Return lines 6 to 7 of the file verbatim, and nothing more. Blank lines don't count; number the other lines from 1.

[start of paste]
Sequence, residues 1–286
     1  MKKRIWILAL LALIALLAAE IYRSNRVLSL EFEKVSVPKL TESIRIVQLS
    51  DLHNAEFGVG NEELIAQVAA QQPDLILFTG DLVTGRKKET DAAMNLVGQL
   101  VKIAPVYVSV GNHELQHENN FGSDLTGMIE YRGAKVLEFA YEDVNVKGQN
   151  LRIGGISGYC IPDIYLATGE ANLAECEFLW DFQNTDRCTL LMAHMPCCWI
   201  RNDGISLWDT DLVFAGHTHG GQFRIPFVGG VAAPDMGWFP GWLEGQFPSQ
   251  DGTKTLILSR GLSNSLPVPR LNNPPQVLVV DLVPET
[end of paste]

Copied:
   201  RNDGISLWDT DLVFAGHTHG GQFRIPFVGG VAAPDMGWFP GWLEGQFPSQ
   251  DGTKTLILSR GLSNSLPVPR LNNPPQVLVV DLVPET